Huge insurance accounting shake-up coming

Major change could potentially cost insurers billions

Huge insurance accounting shake-up coming

Insurance News

By Jordan Lynn

Insurers in more than 100 countries are bracing for a major accounting change which could see costs spiral and more volatile earning reports.

The introduction of a new, global accounting standard has been 20 years in the making and aims to make it easier for investors to compare how much global insurers earn from policies.

The new rule, called IFRS 17, will be introduced by the International Accounting Standards Board (IASB) and will affect 450 listed insurers who manage US$13 trillion in assets.

Analysts have warned that the changes could cost billions in compliance costs as insurers update IT systems to recalculate millions of contracts each reporting period, Reuters reports.

The new IFRS 17 framework will see insurers calculate income from policies like motor insurance to annuities, using interest rates and market information which will be updated each reporting period.

Previously, insurers could use data from when a policy was purchased.

John Nicholls, senior consultant and Willis Towers Watson’s lead on IFRS for insurers in Asia Pacific, said that while the new system will improve transparency, it will take time for investors to understand the changes.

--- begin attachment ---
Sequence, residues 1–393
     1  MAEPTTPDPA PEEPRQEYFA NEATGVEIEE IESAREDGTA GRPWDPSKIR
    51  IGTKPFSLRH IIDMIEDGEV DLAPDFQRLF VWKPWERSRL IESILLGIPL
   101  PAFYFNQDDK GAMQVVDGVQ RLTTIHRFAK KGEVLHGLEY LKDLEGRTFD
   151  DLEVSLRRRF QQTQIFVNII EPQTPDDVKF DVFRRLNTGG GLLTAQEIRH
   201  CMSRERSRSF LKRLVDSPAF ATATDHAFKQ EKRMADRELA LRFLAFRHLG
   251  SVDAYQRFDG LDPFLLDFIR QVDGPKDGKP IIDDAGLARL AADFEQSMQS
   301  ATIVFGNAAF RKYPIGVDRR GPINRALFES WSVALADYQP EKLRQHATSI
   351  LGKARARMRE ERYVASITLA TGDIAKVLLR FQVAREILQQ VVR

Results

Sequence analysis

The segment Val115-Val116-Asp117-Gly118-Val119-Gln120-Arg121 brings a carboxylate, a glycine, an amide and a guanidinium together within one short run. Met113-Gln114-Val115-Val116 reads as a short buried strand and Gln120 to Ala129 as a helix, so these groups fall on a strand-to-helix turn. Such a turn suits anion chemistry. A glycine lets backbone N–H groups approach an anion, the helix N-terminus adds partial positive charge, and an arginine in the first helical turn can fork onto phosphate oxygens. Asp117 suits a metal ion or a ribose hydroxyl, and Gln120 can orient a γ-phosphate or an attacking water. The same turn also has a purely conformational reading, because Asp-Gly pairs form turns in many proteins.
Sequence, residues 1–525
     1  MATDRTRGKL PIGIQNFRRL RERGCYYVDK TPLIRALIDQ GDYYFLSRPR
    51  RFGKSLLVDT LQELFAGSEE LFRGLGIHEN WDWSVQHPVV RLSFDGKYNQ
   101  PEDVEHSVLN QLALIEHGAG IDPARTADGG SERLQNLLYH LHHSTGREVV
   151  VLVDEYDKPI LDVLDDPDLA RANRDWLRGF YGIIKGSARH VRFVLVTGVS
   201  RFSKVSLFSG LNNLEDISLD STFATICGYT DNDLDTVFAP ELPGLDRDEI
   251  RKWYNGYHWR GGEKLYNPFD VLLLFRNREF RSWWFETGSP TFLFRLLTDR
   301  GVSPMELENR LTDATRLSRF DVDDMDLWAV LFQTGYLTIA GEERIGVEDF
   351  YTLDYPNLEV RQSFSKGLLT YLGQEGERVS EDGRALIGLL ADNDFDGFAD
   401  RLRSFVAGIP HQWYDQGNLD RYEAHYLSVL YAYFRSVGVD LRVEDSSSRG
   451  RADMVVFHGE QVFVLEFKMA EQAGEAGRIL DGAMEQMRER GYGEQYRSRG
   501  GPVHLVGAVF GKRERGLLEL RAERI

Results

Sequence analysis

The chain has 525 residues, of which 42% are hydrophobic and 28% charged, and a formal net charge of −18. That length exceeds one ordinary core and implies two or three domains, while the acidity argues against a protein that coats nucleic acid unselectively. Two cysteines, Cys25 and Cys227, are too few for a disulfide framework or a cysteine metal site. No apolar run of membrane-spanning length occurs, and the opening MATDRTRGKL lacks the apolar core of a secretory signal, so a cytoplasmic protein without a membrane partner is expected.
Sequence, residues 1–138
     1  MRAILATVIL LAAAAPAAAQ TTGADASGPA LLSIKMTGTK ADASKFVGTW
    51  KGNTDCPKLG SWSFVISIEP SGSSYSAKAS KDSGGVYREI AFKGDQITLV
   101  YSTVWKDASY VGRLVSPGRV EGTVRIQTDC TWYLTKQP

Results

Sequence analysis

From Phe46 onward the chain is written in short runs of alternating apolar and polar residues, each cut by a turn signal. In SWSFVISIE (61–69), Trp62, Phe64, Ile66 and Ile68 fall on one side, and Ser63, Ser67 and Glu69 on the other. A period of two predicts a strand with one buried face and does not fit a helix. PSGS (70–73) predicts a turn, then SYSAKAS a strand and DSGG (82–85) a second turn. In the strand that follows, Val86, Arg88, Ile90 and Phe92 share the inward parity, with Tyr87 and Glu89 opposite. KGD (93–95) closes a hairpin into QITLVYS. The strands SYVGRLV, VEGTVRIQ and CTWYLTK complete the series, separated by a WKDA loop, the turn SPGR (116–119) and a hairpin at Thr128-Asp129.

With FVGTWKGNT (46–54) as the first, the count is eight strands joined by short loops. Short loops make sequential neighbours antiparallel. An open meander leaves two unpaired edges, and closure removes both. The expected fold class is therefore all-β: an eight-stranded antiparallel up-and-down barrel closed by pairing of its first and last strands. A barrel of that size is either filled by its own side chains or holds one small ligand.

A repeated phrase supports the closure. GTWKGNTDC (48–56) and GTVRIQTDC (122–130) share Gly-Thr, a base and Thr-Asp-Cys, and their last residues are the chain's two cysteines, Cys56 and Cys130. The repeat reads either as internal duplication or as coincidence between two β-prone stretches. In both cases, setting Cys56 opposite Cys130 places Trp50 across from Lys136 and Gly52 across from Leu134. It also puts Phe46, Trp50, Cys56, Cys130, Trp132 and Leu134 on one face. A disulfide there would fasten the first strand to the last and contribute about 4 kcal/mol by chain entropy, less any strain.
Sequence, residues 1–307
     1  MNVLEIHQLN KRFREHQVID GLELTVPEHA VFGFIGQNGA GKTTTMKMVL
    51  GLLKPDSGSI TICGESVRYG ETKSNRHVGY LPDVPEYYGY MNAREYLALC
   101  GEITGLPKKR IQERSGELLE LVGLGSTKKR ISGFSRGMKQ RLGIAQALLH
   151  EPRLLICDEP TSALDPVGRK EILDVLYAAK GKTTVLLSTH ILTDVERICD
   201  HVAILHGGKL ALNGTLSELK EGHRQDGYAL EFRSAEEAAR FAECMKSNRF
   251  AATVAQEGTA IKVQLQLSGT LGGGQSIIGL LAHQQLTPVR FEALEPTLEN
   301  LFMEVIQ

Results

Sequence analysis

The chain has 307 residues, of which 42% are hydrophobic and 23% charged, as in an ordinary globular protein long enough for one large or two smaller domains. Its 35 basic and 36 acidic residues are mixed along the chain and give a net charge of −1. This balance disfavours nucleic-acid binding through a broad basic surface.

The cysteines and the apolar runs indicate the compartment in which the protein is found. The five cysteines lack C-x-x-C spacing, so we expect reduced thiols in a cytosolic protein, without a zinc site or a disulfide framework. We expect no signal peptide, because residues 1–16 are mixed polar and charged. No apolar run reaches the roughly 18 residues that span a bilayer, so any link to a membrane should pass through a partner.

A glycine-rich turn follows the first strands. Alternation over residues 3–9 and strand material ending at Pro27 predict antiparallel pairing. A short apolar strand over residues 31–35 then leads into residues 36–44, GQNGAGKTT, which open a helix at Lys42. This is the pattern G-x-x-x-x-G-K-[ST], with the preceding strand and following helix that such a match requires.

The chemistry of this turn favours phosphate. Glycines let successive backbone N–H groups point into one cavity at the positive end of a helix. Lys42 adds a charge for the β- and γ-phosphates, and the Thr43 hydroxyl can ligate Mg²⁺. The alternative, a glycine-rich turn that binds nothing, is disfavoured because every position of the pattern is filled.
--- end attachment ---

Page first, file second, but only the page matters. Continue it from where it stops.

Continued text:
“IFRS 17 is more than ‘just’ an accounting change, and will have a wide and significant impact on insurers’ operations,” Nicholls said.

Asia features a diverse range of current accounting practices, Nicholls noted, which will see adoption of the new scheme prove to be particularly challenging.

The new standard will replace IFRS 4 in January 2021 and will become the first global standard for the industry.

“The new standard will impact profit, equity and volatility, as well as reserving and financial reporting processes, actuarial models, IT systems, and potentially executive remuneration, so insurance companies should not underestimate the work required,” Nicholls continued.

A survey from accounting firm Baker Tilly found that 60% of insurers are not prepared for the implementation of the new regime.

Jonathan Zeigler, CPA, partner with Baker Tilly’s insurance industry practice, said that as the first effective date of the changes approaches, firms need to review how they will be impacted.

“Implementation may affect a variety of business functions, so internal resource constraints must be considered when looking to assess and implement updated internal controls and processes,” Zeigler said, according to CPA Practice Advisor.

IASB accounting rules are applied throughout the European Union, in many Asian nations and in Canada as the US is working on its own reforms.

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